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    Wednesday, October 23, 2019-11:21:15A.M.

     

     

     

     

     

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Edong Elenzano International Tattoo Artist

HE is more popularly known as “Dragon Edong” and whenever the subject of tattooing and tattoo artists comes up in the CNMI, his name comes to mind immediately.

Back in 1976, Edong Elenzano, an artist from Quezon City, the Philippines, did a tattoo of a small dragon on himself just to get the feel of what it was like to have a tattoo.

That small dragon tattoo started it all, and he taught himself to do tattoos before he became a deshi or apprentice in Japan in 1980.

Years later, there was no stopping Dragon Edong from pursuing his passion as a tattoo artist.

“Tattoo is a sacred art of tribal people and in tattooing your canvass is living skin and it is permanent. That’s why in tattooing, artists should be well trained not only in the art of tattooing but in sanitary procedures as well,” Elenzano said.

His favorite tattoo subjects or artwork are Japanese and he likes to work in realistic black and gray.

Elenzano said he is always excited every time he gets to do a tattoo on a client, especially if the subject is interesting and the design is “kind of hard.”

“Tattooing is a passion for me; it’s not a job. Some people work because they need to make a living, and they don’t like what they are doing, but for me, every day is exciting. I love going to the shop and doing tattoos.”

He said the night before any scheduled tattooing, he plans what he wil do in terms of size, color, proportion, placement , depth and other details.

“I figure those in my mind the night before — those things that you see in real life should be applied to creating art. I do a lot of research in creating a good tattoo. I have to make sure that my client will be pleased with my work.”

Challenges, rewards

Elenzano said doing small but very intricate designs is one of his biggest challenges in tattooing.

“I like doing big scale tattoos, like a full sleeve or even half sleeve, a full back piece tattoo that has a story to it — things like that but if a client requests a small tattoo with a lot of design on it, I consider it a challenge,” Elenzano said.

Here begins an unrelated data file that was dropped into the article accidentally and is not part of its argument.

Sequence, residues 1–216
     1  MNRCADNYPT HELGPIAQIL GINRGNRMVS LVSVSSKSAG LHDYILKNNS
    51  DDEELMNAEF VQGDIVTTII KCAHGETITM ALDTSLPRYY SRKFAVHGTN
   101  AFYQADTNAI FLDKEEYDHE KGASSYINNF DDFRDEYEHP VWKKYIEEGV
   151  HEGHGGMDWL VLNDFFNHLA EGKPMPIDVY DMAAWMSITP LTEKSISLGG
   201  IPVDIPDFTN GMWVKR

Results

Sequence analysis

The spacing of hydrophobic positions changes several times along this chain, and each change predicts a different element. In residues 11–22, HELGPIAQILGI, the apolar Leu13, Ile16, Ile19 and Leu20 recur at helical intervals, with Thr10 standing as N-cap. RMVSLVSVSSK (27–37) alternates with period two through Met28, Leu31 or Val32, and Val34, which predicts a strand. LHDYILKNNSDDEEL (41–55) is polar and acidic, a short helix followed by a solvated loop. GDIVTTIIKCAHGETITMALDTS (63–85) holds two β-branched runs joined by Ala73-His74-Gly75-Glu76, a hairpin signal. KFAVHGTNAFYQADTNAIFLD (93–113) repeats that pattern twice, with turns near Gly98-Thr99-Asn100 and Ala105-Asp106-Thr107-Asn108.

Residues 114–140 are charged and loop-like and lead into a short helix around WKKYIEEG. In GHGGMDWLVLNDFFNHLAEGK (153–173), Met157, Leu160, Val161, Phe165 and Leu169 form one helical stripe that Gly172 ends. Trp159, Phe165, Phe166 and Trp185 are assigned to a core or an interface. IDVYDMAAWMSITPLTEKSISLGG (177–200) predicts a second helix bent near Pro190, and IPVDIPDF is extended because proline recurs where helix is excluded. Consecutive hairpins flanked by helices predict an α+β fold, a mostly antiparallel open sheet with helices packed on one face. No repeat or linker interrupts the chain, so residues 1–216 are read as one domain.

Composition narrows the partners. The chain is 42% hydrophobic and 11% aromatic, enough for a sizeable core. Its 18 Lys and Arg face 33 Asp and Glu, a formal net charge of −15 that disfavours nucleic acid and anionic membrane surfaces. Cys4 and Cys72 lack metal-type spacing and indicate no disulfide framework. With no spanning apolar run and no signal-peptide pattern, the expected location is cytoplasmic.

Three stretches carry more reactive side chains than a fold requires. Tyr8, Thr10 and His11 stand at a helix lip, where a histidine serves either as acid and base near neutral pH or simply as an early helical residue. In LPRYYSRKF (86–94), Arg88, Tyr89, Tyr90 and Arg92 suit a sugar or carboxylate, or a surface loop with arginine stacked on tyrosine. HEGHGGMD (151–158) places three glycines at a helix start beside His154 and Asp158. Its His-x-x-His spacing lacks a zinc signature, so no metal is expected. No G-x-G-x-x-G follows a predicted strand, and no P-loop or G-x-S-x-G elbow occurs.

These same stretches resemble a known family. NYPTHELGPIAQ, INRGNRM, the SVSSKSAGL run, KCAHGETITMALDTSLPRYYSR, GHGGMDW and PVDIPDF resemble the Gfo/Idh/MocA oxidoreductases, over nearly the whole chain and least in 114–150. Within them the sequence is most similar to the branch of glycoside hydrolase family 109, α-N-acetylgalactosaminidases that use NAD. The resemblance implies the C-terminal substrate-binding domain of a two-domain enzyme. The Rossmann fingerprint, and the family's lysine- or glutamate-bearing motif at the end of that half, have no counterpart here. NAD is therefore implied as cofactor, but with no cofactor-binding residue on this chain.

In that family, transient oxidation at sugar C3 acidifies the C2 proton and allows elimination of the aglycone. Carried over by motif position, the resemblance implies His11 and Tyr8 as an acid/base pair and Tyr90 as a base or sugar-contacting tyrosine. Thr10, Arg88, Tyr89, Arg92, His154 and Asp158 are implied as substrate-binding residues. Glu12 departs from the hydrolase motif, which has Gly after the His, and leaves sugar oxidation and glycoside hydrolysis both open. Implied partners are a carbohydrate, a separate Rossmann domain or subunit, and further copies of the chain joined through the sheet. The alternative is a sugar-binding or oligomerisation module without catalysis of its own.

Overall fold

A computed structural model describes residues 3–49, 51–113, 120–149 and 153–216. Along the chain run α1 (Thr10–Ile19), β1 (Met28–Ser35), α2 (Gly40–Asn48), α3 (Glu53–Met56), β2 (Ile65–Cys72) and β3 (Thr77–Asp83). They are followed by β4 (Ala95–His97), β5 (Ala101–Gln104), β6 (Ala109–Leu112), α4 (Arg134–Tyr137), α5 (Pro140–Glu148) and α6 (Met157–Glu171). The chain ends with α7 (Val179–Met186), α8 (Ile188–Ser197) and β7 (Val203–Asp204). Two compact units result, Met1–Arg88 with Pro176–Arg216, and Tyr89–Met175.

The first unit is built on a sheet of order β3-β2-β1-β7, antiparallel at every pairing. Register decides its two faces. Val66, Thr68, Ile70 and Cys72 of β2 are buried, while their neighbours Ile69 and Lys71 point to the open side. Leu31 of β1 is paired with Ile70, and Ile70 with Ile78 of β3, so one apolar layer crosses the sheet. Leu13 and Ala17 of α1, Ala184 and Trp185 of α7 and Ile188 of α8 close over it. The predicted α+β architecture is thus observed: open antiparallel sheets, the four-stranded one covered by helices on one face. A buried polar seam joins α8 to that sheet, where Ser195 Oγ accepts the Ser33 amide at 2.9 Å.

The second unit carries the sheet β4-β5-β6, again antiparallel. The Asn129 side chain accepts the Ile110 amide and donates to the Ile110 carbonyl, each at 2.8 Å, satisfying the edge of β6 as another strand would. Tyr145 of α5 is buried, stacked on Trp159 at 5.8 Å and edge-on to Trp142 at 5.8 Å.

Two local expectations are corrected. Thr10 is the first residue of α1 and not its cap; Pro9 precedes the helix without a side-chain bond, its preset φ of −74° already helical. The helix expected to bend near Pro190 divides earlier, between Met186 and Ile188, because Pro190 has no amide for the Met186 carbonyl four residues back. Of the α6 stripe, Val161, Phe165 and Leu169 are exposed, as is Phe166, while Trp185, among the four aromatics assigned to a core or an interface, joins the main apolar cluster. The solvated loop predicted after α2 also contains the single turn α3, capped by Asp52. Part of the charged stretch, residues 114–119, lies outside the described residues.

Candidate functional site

Creating a work of art or a tattoo is a team effort between the tattoo artist and the tattoo collector, he added.

“That’s why it’s very important for people to talk to the artist and create something that will make a great tattoo.”

Along with the challenges are the rewards for this passion.

Elenzano said his most memorable experience with tattooing was when he participated in an international competition, and won first place. This was the 2nd World Tattoo Arts Festival and Exhibition in Thailand in 2008.

“It was a huge competition with a lot of reputable, well respected and well-known tattoo artists from all over the world.”

He couldn’t believe he won first place for “on the spot tattooing” — you work on your entry with a lot of people watching.

“During that time my canvass was the back of my wife Faye, and the subject was a portrait of my kids,” Elenzano said.

He said that to do a single portrait tattoo normally takes about three to five hours to finish, just for one face. He did the three portraits of his children in only three and a half hours.

He also topped the “Best Dragon” category at the same festival

Elenzano said the feeling of satisfaction after finishing a tattoo is priceless.

“I’m happy if the client is happy. It is very rewarding if the clients like it, especially if the design is meaningful for them.”

During his spare time, Elenzano likes to watch movies with his family. He loves action, comedy and real-life stories.

“When I go to the movies I want to enjoy and be happy when I leave the cinema — I stay away from dramas.”

He also loves to do carpentry jobs and fruit carving.

“There were some young people who asked me if I could teach them how to do tattoos, but I didn’t see sincerity and passion in any of them. I could not feel a genuine interest to learn. To be a good tattoo artist the very first thing you should know is how to draw.”

He taught his children the art of tattooing but only one is interested in it.

Elenzano said there are no shortcuts to professionalism.

“Safety and quality are what counts most in the real world of tattooing. Authentic tattoo artists are trained by professional service providers.”

He added, “In tattoo, cheaper is not better. Cheap is not good, and good is not cheap.”

For samples of his work, check out Edong Elenzano’s Facebook page, or his MegaVision El Drako Tattoo page also on Facebook.